Treading the temple paths at Kumbakonam

Treading the Temple paths at Kumbakonam

Just as the Astrologer had advised me to undertake certain visits to the Temples with ruling deities as 9 planets famously called ‘Navagraha’ temples in this part of the world, my family and I took the opportunity this weekend to have a holy trip as well as have a blast anyway. Indeed, it had been far too long that I had taken my family on any kind of tour because of my relocating to Chennai last year and all that, so I was keen to make amends for it now.

So here is how it all went:

I made a quick survey of Tamil nadu map and learnt that Kumbakonam is another ‘Temple town’ in the Rice basket of Tamil Nadu, Thanjavur District.
Due thanks must be given to my friends Sai and Varadaraj , who have travelled on this circuit many times before and were able to give me precise info on how to go about, within minutes of mailing a request..

We started off in a High Tech, Non AC Bus named Rathi Meena from Chennai (boarding at Guindy) on a typical sweltering afternoon 2-30 PM to Kumbakonam.
They charge you Rs 210/- per head.

The Bus takes the NH 45 highway which is an excellent four track stretch now without any bottlenecks or crossings. Once in a way, the Indian roads do surprise you these days, well, in one way or the other. Traffic moves smoothly, flat smooth stretch for nearly 150 Kms (it is all the way to Madurai, I am told) till Tindivanam and then takes a diversion off the highway towards our destination.

This road initially was not bad either, as our roads go.
The evening cooled down a bit as we hit the greener countryside and everything looked absolutely fine for some time.
But then the bad roads start from about 2 hours ahead of Kumbakonam and it’s quite dusty as well. We noticed that some repairs were going on because of breaching of canals and flooding ostensibly from last year’s incidents.
Pot holes and barricades galore as the bus labours forth, we brace and hold on tight.
In the falling dusk light we did enjoy the sight of green and well irrigated lush paddy fields, though.

It took seven hours to reach Kumbakonam and the town looked sleepy and peaceful at 9-30 PM as we wearily trudged our way to a Hotel called Raya’s, hailed by locals as their best hotel.
A Double bed suite with two extra beds to accommodate the four of us would cost 900/- and we could hardly mind the fare at that hour.
Besides, the room was well furnished, air conditioned and the bath room was clean. That was all it mattered then.

After a refreshing wash, we managed to grab a snack of Idlis and dosas from a nearby restaurant. That formed our dinner for the day.

You don’t get full meals at night in most restaurants in Tamil Nadu. So ‘Be a Roman in Rome’, we mused and relented.

We made enquiries at the Reception regarding the transport for the next days’ road trip to the three temples nearby.

It transpired that the trip would last for about half a day and cost Rs 650/- for a Non AC Ambassador taxi. The Hotel made the taxi booking and promised to send the driver the first thing in the morning at 6-30 AM. We were told by a the knowledgeable Hotel receptionist that if we can start at 6-30 to 7 am , we could visit all the three temples before they close at noon and be back by lunch time. The temples, it seems, keep closed from 12 to 4 in the afternoon to reopen from 4 and would close for the day by around 8 PM.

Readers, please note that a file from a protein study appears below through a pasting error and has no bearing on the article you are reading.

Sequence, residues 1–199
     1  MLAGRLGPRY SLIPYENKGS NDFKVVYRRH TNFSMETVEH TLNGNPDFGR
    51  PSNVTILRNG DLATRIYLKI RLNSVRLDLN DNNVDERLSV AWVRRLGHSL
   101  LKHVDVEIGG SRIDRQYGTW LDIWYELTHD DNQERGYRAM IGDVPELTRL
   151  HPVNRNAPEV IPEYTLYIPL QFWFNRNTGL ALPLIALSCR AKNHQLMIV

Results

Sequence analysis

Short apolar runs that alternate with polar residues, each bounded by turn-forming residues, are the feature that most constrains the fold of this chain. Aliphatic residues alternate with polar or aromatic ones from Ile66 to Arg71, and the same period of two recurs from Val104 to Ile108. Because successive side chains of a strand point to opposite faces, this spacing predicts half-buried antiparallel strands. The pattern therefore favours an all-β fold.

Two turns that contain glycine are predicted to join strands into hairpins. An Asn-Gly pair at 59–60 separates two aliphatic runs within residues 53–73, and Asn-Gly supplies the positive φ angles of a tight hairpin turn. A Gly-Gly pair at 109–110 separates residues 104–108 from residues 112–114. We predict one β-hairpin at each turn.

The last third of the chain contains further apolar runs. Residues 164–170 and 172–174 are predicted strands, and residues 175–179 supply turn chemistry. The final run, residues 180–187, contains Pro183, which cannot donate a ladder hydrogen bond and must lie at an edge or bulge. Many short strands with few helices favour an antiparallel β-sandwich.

The morning started early and we managed to leave the hotel by 7 AM.
The driver was ready and we started off, halting first for breakfast. A neat and small Veggie joint calling itself, Meenakshi Bhavan satiated our palate with steaming Idli- vadas and good strong Coffee.
Kumbakonam degree coffee’, the locals pride themselves on. Suffice to say, it was what were used to as fresh ‘filter Kafi’ back home.

The first visit was to Swamimalai, Lord Murugan’s fourth abode among the famed six such venues in Tamil nadu, together called ‘aaru padai veedu’.

We take a winding strip of road bathed in bright early morning light and hemmed in by green fields. We get to see farmers starting off their days with bullocks and tractors, quite a sight for my city-bred children. We cross small bridges and culverts constructed across near full Cauvery canals irrigating large tracts of paddy and sugar cane farm-lands. White birds flit across the blue sky above.

Looking at the gushing Cauvery waters, my mind can’t but wander to the annual tiff about River Cauvery between my home state of Karnataka and Tamil Nadu here.

I see the large areas well irrigated by pump sets all around.
Ah ha!’ I gather, ‘so they have so much of fields to irrigate and that is the bone of contention as to how much would be a fair share between the two states’.
No ready-made answers flash to my mind. I quickly dismiss the thoughts to enjoy the sights and sounds instead.

Soon we are stopping in front of a row of shops selling flowers, coconut and sundry and so this has to be it, we reckon.
We get out and are urged by the clamouring vendors to buy flowers first. We relent and climb nearly 60 steps to the Swamimalai temple, with its Gopuram beckoning us from above.
We light lamps, offer flower garland and watch the ‘Paal abhishekam’ followed by a fragrant ‘sandal paste abhishekam’.( chandanam) being performed on the smiling faced statue of Swaminathan.

My wife is all agog about the beautiful sight and concludes that ‘we are indeed blessed to see the daily spectacle’. I can’t disagree either.
It was a sight lovely enough to warm the cockles of a believer’s heart.

We stay there for about half an hour and leave with Prasadam.

The Driver advises us that he can stop the taxi at a locally famous Devi temple, at a place called Patteswaram enroute. ‘We are on schedule, don’t worry,’ he reassures us.

True to his word, the temple is neat, compact and being early (8-30AM) quite empty as well. The goddess is decorated with flowers and lemons.
We pray and leave.